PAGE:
Lately, we’ve been featuring some incredible bikes by young builders, so we were thrilled to receive a message from Jay Ransome, son of Clive Ransome, who owns So Low Choppers of the UK. Though he’s only 22, Jay has been building bikes since he was just 16, so he already has years of experience under his belt. It definitely shows in this, his first cafe-style build–a departure from the choppers he normally works on. Jay has taken the oft-overlooked Suzuki GS500, one of the most plentiful and affordable used bikes on the market, and created a seriously impressive cafe racer, the “Spirit of Sheene.”
We’re big fans of Barry Sheene here at BikeBound (and can’t wait for the Sheene movie to come out), so we were especially stoked about this build. Jay has proven that, even at a young age, he has the skills, persistence, and willingness to make sacrifices that it takes to be a great builder. We’ll be watching for big things to come from this young man.
In the meantime, we’ll let him give you the full story on “Spirit of Sheene.”
GS500 Cafe Racer Project: In the Builder’s Words
My name’s Jay Ransome. I’m Clive’s son and I’ve been building bikes for 6 years now at So Low Choppers. I started at the age of 16 when I left school and I’m now 22.
I fancied taking my hand to the cafe racer scene after building choppers most of my working life. But it had to be something I hadn’t seen done before. I’ve always had a soft spot for a GS500 commuter. They are a good reliable workhorse that’s small, nimble, and very overlooked compared to its Honda equivalent. It’s been weird building something that handles so well and so light compared to my current bike (Shovelhead Harley Chopper).
The bike project came about mid last year. I had just finished my Harley and wanted to try something a little bit different. The search for a donor bike began. After a few weeks of roaming the internet for a suitable donor, I stumbled across this little gem on evilbay. Low mileage, horrible brush-painted yellow tinware and running like a sewing machine. Few bids later and it was mine, ready for the cutting. Me and my girlfriend went off one weeknight down to Luton which is a few hours drive from us here at So Low. Ended up driving about for ages till the satnav picked up this tiny farm drive in the middle of nowhere.
Within a few days of owning it, the god-awful parts have been stripped off and the cutter came out. Being my personal project this has been a super late nights and weekend job, but the blood sweat and tears have paid off. Endless hours have gone into fabricating this. I like the fact it has a box frame, many people said to me whilst i was building the bike about how hideous the frame was, but ignoring their opinions I think I’ve proved them wrong.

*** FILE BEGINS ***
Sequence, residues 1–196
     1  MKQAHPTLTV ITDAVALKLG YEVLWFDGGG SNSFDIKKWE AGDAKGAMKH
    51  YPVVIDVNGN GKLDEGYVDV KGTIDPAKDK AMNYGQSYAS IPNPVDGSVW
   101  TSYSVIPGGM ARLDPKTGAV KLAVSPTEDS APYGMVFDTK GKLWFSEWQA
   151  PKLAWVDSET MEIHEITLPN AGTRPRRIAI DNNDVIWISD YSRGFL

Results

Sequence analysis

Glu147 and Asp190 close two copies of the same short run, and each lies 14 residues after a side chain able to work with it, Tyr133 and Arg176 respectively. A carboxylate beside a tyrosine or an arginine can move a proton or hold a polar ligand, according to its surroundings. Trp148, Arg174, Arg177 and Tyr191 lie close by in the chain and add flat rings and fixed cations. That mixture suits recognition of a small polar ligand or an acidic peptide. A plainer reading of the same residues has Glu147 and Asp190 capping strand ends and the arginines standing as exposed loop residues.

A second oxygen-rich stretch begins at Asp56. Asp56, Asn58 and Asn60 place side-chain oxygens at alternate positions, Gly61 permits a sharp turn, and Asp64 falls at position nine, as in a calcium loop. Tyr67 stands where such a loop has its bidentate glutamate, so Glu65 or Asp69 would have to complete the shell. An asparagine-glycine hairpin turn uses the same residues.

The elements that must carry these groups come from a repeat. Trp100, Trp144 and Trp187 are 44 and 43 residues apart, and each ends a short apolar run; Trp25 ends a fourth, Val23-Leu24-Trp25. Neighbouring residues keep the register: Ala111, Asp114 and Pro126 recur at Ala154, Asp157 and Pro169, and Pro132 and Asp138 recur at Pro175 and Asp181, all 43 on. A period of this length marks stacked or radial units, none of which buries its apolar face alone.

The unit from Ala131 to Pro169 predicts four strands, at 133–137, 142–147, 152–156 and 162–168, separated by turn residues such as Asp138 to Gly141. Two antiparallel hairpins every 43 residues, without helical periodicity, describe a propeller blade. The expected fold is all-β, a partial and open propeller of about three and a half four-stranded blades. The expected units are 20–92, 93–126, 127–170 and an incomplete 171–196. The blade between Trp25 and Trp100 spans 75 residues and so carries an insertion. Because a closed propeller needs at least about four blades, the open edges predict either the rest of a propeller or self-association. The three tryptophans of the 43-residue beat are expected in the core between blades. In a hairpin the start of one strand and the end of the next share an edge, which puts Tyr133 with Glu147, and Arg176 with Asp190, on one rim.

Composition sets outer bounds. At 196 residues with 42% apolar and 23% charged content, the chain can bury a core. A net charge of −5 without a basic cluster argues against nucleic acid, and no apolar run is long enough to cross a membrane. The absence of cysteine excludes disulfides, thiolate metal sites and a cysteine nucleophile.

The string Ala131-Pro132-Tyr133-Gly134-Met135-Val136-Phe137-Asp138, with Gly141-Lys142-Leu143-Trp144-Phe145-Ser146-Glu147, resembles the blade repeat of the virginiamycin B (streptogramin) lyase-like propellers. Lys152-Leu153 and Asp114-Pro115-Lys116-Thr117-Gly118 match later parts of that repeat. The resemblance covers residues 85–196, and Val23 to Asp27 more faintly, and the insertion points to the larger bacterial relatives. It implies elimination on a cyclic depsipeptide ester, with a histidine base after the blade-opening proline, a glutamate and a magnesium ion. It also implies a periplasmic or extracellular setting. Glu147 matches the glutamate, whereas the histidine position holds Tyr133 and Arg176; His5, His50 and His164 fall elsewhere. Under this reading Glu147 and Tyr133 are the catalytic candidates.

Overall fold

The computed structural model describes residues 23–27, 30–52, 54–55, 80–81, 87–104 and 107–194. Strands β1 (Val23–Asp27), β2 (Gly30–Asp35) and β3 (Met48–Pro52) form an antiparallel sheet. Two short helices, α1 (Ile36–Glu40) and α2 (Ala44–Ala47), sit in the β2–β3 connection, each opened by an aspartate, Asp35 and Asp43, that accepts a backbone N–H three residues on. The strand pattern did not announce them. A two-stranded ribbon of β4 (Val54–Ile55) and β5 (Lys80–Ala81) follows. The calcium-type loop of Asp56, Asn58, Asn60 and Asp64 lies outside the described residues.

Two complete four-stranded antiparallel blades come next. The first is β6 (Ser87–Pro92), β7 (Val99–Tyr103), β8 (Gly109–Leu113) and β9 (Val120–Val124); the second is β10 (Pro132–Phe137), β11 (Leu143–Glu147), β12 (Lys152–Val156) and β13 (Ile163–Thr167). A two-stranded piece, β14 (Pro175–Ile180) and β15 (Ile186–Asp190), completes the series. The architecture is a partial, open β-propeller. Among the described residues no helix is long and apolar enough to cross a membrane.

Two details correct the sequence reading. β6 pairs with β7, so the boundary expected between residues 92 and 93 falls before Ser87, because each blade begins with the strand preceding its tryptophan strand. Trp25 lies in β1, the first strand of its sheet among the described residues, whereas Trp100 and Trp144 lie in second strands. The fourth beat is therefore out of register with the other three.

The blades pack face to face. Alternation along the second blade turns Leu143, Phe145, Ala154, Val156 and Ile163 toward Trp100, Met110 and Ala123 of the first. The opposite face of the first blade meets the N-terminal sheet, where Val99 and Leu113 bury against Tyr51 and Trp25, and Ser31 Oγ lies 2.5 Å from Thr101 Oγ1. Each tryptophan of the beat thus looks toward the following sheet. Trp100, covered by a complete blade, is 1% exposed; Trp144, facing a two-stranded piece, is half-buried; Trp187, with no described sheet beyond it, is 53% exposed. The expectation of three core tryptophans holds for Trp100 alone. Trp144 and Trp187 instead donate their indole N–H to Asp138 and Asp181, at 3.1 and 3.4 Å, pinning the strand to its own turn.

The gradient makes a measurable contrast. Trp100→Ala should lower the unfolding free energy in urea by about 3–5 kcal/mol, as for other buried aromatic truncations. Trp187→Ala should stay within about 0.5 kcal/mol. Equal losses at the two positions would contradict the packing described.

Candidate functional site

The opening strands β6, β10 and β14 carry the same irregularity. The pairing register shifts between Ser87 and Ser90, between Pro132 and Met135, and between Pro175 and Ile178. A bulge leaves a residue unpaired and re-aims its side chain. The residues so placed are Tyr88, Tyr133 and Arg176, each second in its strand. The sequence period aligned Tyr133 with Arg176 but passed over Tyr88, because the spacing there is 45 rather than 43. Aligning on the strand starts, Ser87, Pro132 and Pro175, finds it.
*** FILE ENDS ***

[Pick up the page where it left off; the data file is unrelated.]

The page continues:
The rear subframe I crafted with the curved under braces to give the rear end a super clean but delicate look, keeping the lines flowing. All the original electronics have been neatly hidden under the seat unit. Mini super bright LED lights I flush-mounted vertically keep the rear super clean.
Underneath is just as important as the top, so I spent a while making a simple clean brushed aluminium undertray, keeping the water away from the wiring and smoothing underneath. Neat little centre plate with mini indicators just tie up the back end and keep in with that slimline racing look I was going for.
The original top yoke was repulsive, all grooved, holes etc. So I attacked it with the TIG welder, reshaping filling in, etc, the yoke to make its seamlessly smooth. Less is more. Digital speedo to keep in with the racing look sit nicely above the yoke for easy viewing.
The original bars have been replaced with neat CNC clipons as well as the switchgear being thrown away . I came across this lovely little unit as seen on the bars that does everything. It’s aluminium and the build quality is great. Adjustable levers and new master cylinders replace the stock ones.
Little details I’m quite proud of, like the stainless ignition bracket with micro horn button hidden away under the rear section. The rear master cylinder has been declutter and made a new reservoir mount.
It’s my first venture into wiring and I’m proud to say it all worked very well. The whole loom has been replaced with new wires and soldered joints.
All race bikes should have racing shoes so that’s what it has. Continental super sticky tyres it shall get. They stick to the road like glue and look fantastic.
The bike has been named “Spirit of Sheene.” It’s my take on his old racing colours with a modern twist keeping it simple.
I’ve painted the bike myself , candy red inlay panel really sets off in the sun with the gold stripes and Barry’s number 7 on the rear.
The carbs have been rejetted to accommodate the new exhaust system and air filters. The cerakoted pipes and the GP-style end can make for an amazing sound. The motor has been repainted and scotch finished.
I’ve had to scrape, save and work endless hours to get the money for the parts etc, it’s been a lot longer process than I would’ve hoped. Having to wait to get the money together for the tyres and powdercoat really held me up, and I would not change a thing. No expense spared to get it to a high standard build. The hours and dedication put strain on everything, mentally-draining long hour days, but it’s turned out great, and on to the next one.
I built the bike 99% by myself with a few bits of advice from the rest of the So Low Choppers crew.